I had 10 more miles to complete the 50K course, but I was in no shape to complete the run. I felt defeated, but continuing the run any further without proper hydration was suicidal. Just then, I received a call from my girlfriend. It has been 4 and a half hours since I left her a text message that I will be gone for a run at the park and she was worried. I told her I’m (barely) walking and I’m going to take a short cut and go home. The shortest route was the 3.7 mile single track I ran in the first hour. It was a fun, undulating trail with a lot of shade, but going back was the longest 3.7 miles ever! I came across a couple of hikers, but surprisingly, not many of them had water. Finally, I met an older Asian couple and they were kind enough to share some water with me (1/3 of the bottle). It wasn’t very much, but it was enough for me to walk a little faster, and even jog a bit. I also found a stream where I was able to splash some water on me and cool off. After an hour and half, I got back to the parking lot where I parked my bike. I was able to drink water from the fountain and felt alive. All that gunk on my lips and salt crystals on my face, shoulder, and legs were pretty gross. I called my girlfriend and told her I’m okay and hopped on my bike and rode back home. 5:45 run/walk was a bit longer than I had planned, but good lesson learned!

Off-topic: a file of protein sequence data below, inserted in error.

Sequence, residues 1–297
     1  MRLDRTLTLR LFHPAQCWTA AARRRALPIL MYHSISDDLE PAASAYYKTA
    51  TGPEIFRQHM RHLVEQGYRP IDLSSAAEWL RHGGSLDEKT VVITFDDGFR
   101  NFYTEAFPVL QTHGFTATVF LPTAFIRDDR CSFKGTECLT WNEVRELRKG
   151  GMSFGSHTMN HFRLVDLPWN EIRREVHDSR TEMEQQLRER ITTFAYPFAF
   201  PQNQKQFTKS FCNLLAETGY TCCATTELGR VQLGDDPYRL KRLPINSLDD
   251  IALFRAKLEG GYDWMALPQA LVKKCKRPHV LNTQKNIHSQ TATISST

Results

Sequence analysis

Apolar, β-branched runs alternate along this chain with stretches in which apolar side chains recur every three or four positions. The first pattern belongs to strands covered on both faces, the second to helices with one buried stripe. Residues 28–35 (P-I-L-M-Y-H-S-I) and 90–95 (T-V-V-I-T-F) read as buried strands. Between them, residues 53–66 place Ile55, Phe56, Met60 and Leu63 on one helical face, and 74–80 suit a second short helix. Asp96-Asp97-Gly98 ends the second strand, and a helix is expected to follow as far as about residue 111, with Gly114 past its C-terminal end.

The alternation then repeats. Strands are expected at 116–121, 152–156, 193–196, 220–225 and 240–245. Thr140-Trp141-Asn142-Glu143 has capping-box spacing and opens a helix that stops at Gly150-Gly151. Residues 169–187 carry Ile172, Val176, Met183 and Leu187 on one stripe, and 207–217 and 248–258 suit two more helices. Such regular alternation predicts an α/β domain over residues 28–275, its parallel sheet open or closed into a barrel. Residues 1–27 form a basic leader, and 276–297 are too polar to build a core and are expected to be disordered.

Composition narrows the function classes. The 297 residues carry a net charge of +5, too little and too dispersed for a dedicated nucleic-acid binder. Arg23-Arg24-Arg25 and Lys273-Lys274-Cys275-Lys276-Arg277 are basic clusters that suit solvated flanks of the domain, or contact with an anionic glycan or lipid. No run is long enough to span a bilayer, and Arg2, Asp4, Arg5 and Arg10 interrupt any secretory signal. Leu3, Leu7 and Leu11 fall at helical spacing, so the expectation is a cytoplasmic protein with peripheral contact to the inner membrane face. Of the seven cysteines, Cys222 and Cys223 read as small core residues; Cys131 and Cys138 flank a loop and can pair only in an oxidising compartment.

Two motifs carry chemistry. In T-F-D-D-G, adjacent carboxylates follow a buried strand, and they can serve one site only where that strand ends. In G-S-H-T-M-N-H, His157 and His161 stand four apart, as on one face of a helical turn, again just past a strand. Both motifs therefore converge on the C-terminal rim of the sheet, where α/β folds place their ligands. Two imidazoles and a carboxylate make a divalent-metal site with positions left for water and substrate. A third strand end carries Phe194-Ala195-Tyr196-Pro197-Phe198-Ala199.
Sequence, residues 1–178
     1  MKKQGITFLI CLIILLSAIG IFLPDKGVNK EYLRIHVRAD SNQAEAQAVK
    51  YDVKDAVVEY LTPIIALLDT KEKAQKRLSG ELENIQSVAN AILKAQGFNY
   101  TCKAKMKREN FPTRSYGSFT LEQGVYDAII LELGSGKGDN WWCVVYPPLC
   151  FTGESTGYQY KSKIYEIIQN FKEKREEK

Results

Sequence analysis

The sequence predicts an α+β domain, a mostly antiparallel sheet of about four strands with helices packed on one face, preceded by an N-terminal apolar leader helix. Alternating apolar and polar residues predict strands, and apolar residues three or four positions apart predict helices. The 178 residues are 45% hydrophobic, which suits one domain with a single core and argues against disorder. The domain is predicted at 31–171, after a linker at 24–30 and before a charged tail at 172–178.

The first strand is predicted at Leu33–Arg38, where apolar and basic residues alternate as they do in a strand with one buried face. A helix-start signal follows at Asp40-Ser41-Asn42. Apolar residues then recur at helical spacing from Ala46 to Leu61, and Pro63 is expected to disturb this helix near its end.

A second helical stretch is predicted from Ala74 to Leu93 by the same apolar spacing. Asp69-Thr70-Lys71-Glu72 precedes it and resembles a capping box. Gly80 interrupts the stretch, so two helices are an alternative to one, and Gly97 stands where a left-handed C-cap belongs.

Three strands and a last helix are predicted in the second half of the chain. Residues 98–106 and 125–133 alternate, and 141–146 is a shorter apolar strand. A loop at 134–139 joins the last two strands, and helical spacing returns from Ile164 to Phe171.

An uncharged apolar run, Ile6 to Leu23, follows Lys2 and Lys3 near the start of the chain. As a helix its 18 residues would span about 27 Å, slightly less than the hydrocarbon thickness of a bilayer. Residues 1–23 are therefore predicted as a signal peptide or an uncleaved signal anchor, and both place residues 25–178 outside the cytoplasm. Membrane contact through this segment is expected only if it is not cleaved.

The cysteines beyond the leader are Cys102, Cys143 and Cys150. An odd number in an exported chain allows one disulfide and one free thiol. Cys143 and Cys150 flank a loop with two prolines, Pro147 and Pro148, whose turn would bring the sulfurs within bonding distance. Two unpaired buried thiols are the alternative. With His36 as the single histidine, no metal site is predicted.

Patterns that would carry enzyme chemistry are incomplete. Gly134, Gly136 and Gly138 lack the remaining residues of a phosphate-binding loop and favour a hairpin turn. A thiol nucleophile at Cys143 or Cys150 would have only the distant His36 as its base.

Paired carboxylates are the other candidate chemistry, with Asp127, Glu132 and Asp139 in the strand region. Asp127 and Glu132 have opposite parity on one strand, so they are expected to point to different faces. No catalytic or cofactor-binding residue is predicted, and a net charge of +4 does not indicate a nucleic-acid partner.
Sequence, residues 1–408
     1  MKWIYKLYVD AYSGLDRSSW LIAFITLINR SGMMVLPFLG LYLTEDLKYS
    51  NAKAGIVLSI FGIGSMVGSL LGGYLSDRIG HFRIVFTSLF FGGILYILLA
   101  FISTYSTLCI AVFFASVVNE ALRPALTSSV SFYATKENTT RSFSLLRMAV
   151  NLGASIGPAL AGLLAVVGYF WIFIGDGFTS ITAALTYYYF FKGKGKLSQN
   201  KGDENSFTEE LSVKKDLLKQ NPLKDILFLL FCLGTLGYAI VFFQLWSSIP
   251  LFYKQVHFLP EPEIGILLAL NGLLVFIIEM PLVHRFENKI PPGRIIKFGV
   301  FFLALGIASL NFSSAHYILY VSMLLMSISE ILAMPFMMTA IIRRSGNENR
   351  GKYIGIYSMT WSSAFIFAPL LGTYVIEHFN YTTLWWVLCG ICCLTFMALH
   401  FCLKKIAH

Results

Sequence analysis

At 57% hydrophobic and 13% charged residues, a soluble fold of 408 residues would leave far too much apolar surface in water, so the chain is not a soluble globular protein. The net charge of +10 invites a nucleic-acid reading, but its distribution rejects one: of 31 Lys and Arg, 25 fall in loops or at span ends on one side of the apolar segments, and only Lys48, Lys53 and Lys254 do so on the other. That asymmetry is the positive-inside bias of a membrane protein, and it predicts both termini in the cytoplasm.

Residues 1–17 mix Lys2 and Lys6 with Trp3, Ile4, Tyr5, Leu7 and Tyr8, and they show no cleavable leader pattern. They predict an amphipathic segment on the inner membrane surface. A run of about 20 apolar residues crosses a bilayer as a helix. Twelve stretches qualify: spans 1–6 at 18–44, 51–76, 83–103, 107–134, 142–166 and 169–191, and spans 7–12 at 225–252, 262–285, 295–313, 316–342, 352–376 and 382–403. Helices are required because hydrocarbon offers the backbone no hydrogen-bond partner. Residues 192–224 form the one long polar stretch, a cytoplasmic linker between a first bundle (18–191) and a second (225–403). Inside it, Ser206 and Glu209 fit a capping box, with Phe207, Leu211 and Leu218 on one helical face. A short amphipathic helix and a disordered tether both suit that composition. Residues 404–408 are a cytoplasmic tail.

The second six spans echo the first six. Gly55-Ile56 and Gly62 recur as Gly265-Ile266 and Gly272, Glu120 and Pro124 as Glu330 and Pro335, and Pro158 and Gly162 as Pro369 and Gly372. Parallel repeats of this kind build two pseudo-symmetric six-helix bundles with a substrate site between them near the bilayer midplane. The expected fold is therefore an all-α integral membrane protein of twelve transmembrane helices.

The idea was not bad. It was a good simulation of the actual race. There are going to be 6 aid stations for the 50K race at miles 6.4, 9.7, 14.5, 19.0, 23.7 and 27.0. I was going to take a short break at each station and fill up my water bottle and eat some snacks. Then, I realized I might not have enough fluid for the whole run and started drink less fluid, but I had underestimated the amount of fluids I was losing and bonked around mile 20. I will try the course again next week. This time, I will start earlier in the day (around 6am), bring more water (if I can carry more) and perhaps electrolyte capsules or Ensure (since I was hardly eating any solids and I would have probably thrown up gels).